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CISA’s 2023-2024 Roadmap for AI

Bola Ogbara
Bola Ogbara Connect on LinkedIn
2 min. read

CISA's 2023-2024 Roadmap for AI aims to responsibly use and protect critical infrastructure from potential risks and malicious use of AI, emphasizing collaboration and evaluation.

CISA’s 2023-2024 Roadmap for AI

Artificial Intelligence (AI) has taken the world by storm. Even before the advent of Chat GPT, lower levels of AI had widespread use in face ID, digital voice assistants like Siri and Alexa, and most recommendation algorithms (from your Twitter feed to your Amazon home page). Advancements in large language models have dramatically improved the capabilities of AI, and now AI has applications everywhere. 

 

But just as AI has been used to reduce the time and the specific know-how to do many benevolent tasks, it has also streamlined the pathway for many cybercriminals to create malicious tools. In November of 2023, the Cybersecurity Infrastructure and Security Agency (CISA) released a roadmap specifically for AI to address these concerns, as well as create standards for their use of AI. 

 

The 2023-2024 CISA Roadmap for Artificial Intelligence discusses CISA’s relationship with AI, pointing out that it has the potential to help the agency complete its original goals (put goals here) outlined in its strategic plan, released earlier that year, but still could be used to impede them, depending on whose hands it fell into. In response, the roadmap hinges on five lines of effort: 

 

1. “Responsibly use AI to support our mission”:

CISA plans to promote responsible AI use by establishing ethical and safety processes to check AI use. This will involve examining cases where AI is already being used and checking the data that AI is using to create guidelines and privacy controls. The agency also says it will continuously evaluate AI models to ensure they are secure and integrate well with existing IT security practices, making sure to limit biases in AI systems when employing them in their cybersecurity mission. 

 

2. “Assure AI systems”:

CISA will look for the potential risks that AI-based software offers to critical infrastructure sectors and consider ways to mitigate said risks. Relevant stakeholders will be told about the use of AI and CISA will make guidelines that encourage secure AI systems, and create tools that will test AI systems. AI security will become a part of the Secure By Design program to make sure that AI-based software and products do not have avoidable vulnerabilities before being released.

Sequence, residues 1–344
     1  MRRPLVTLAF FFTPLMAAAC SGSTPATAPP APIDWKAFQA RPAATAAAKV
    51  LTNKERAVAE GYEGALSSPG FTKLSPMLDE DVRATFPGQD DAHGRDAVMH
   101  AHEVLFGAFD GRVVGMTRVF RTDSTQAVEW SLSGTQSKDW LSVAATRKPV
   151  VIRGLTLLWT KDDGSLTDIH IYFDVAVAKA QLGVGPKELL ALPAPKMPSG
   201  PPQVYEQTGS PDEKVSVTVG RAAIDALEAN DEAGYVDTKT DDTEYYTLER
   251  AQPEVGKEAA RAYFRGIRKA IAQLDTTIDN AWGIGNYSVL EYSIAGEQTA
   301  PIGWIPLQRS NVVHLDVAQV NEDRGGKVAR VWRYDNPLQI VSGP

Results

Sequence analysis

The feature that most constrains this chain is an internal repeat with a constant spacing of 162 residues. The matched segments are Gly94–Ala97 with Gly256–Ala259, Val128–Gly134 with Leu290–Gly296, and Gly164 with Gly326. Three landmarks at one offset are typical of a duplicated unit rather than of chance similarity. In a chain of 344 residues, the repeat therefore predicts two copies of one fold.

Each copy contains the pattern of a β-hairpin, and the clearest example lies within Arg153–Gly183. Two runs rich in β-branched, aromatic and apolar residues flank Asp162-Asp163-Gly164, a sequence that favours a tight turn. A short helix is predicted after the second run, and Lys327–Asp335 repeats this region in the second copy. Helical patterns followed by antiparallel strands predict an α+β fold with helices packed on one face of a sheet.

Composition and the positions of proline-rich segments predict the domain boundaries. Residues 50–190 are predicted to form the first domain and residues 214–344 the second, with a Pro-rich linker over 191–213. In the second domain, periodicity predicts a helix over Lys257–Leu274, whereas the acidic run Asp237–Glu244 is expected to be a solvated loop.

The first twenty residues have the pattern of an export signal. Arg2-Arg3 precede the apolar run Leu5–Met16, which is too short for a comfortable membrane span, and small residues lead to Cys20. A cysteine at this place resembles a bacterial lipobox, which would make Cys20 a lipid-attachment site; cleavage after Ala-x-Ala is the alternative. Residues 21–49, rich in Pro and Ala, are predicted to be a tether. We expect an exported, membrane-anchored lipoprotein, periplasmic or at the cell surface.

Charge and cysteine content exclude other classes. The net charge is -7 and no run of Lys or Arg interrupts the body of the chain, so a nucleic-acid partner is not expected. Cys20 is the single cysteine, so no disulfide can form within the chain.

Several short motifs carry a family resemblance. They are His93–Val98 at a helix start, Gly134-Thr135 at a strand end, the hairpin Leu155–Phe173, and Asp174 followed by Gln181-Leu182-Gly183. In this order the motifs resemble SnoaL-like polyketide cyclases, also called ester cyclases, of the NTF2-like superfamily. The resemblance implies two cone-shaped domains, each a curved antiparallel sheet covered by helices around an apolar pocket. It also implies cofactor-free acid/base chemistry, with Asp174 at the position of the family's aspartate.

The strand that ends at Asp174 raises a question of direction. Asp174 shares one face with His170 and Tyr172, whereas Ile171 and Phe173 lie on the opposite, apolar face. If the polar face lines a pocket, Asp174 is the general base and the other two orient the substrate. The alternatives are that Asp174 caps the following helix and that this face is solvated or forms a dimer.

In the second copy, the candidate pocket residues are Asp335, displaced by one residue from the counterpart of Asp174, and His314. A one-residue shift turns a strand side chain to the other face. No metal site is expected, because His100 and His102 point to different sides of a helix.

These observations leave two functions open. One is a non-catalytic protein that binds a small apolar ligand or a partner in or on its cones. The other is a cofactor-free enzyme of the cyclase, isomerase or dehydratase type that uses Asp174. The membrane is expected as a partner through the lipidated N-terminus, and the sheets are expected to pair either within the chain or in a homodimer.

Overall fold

3. “Protect Critical Infrastructure from malicious use of AI”: 

Building on their collaboration goals from their strategic plan, CISA will work with the Information Technology Sector Coordinating Council’s AI Working Group and other industry stakeholder partners. The Joint Cyber Defense Collaborative (JCDC) will put out a specific effort (JCDC.AI) to improve collaboration on AI threats, such that industry, federal, and international partners will share information with each other and also the broader community.  CISA will release materials on emerging AI risks to critical infrastructure as well as appropriate risk management approaches to counter them. 

 

4. “Collaborate with and communicate on key AI efforts with the interagency, international partners and the public”:

CISA will work closely with the Department of Homeland Security (DHS), particularly the DHS AI Task Force on AI policy issues. Interagency meetings on AI policy will be set for successful cooperation across different federal departments and international partners, and CISA will create policy positions and policy decisions to make sure that ensure that there is a national standard on AI use and that critical infrastructure systems are not harmed by AI policies. 

 

5. “Expand AI expertise in our workforce”: 

Lastly, CISA will find and use experts on AI (as well as interns, fellows, and staff with AI expertise) to create a strong cybersecurity workforce through many pathways like the Cyber Talent Management System (CTMS). The agency will also give training and education opportunities for their employees to make sure they can understand objectives on policy aspects of AI as well as the technical capabilities afforded by it. 

 

CISA’s Roadmap for AI emphasizes collaboration across federal agencies as well as continued evaluation of AI uses and risks. With such a robust blueprint, it’s clear that CISA is working hard to use AI wisely and protect critical infrastructure sectors from AI-powered attacks.